In Monaco, justice is independent of executive power. There is no Minister of Justice in the Government - administration of justice is the responsibility of the Department of Justice, which was created in 1918, separately from Governmental authority in order to ensure that it was autonomous and which is governed by Act No. 1.398 of 24 June 2013 pertaining to judicial administration and organisation.
The Constitution establishes the principle of 'delegated justice' - the Prince holds judicial power and He delegates full exercise of these powers to the Courts that dispense justice in His name.
Separating administrative, legislative and judicial functions, this principle is substantially different from that of 'retained justice' by virtue of which, in the past, the sovereign exercised judicial powers himself.
The independence of magistrates, which is an essential precondition for the independence of justice, is guaranteed by the Constitution. The judges are irrevocable - they cannot be removed, suspended or transferred as can civil servants.
The law establishes the status of magistrates, the organisation, jurisdiction and operation of the Courts and lays down principles giving defendants the best guarantees of impartial treatment and expertise: collegiate nature of the Courts, separation of prosecution and investigation in criminal matters, a two-tier Court structure, and avenues of appeal.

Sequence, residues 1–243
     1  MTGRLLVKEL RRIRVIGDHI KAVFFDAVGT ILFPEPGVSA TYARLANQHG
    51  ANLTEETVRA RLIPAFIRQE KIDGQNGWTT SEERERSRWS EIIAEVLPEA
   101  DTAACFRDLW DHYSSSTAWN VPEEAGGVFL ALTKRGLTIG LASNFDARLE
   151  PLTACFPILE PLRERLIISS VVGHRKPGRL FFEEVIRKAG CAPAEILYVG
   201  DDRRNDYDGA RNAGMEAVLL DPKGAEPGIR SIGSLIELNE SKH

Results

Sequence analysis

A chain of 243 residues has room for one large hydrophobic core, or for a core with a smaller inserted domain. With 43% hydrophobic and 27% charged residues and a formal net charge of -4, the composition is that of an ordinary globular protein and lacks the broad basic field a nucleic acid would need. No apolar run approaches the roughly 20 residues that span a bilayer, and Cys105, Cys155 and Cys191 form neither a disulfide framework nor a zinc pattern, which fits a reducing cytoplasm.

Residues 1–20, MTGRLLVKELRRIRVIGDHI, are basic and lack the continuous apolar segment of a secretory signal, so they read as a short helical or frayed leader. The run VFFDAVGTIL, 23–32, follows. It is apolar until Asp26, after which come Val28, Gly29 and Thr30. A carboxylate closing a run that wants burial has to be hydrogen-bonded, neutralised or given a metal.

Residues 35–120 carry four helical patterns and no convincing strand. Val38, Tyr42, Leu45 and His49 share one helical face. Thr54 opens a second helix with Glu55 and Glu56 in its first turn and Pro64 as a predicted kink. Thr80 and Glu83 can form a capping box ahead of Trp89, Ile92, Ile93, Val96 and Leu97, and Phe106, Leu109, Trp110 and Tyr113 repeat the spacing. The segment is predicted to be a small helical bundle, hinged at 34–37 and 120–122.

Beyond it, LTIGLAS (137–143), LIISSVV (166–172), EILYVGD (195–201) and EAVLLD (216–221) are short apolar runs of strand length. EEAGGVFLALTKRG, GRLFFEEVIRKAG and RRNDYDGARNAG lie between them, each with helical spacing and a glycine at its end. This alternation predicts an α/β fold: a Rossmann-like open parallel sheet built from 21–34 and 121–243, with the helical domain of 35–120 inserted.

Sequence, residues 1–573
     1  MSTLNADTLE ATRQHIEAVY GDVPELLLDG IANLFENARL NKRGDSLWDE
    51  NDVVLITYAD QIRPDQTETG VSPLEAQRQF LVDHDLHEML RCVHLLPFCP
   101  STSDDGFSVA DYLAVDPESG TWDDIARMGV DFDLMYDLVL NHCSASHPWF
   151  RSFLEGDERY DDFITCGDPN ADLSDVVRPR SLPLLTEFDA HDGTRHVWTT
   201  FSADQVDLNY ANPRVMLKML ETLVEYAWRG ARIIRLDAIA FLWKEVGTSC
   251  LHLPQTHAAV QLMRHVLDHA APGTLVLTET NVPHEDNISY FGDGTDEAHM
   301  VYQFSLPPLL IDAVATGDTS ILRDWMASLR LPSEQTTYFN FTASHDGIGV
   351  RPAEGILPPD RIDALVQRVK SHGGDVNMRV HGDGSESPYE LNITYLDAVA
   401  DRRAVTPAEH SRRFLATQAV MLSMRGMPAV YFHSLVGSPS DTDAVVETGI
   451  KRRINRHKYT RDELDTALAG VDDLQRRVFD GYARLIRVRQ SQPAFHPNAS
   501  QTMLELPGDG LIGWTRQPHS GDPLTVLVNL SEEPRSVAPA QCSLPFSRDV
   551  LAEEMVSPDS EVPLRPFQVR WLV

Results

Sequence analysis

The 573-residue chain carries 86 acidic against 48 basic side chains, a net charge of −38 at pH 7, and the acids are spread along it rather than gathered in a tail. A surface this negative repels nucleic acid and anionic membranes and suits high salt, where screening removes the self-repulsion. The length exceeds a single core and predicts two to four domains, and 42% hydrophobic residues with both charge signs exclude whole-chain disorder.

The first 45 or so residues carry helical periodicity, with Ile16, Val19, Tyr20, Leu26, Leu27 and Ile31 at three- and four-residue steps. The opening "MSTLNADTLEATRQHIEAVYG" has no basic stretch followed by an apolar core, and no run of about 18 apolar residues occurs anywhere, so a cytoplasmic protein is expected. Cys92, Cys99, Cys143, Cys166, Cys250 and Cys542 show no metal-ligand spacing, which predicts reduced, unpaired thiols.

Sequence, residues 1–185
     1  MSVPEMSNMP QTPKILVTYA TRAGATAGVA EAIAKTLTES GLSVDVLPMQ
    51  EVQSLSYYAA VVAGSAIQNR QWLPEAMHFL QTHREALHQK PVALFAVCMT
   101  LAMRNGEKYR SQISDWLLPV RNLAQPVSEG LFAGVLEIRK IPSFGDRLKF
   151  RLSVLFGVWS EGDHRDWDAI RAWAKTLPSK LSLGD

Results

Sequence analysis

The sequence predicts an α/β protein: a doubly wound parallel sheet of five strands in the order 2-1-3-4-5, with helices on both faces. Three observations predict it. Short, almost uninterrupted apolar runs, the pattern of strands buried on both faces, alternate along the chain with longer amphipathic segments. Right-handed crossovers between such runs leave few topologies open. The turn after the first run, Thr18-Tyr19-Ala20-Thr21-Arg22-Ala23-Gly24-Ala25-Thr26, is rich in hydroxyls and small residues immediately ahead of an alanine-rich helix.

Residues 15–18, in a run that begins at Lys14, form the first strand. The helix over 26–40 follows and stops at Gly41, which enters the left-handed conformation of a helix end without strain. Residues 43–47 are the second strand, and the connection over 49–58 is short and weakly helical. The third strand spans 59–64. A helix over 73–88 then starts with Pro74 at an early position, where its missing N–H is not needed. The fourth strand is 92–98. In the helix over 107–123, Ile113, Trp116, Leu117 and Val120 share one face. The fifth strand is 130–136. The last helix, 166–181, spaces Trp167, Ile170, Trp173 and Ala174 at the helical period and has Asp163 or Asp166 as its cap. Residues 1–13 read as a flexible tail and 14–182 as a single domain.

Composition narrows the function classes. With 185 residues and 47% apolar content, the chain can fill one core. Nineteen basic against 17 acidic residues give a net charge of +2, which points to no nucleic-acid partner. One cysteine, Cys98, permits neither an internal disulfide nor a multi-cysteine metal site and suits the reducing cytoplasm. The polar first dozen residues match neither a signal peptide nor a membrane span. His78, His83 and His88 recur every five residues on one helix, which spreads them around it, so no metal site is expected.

- Constitution of the Principality
- Sovereign powers
- Executive powers
- The foundations of Monegasque justice and Monegasque Law
- The Supreme court
- The Department of Justice
- The Monegasque Institute for training in the legal professions
- The Remand Prison of Monaco
- The High Council of Judges and Prosecutors
- The Public Prosecution Department
- The Justice of the Peace
- The Court of First Instance
- Specialised Courts and Judges
- The Court of Appeal
- The Court of Revision
- The Criminal Court
- The General Court Registry
- The Officers of the Law
- Legal aid
- Assemblies and constitutional bodies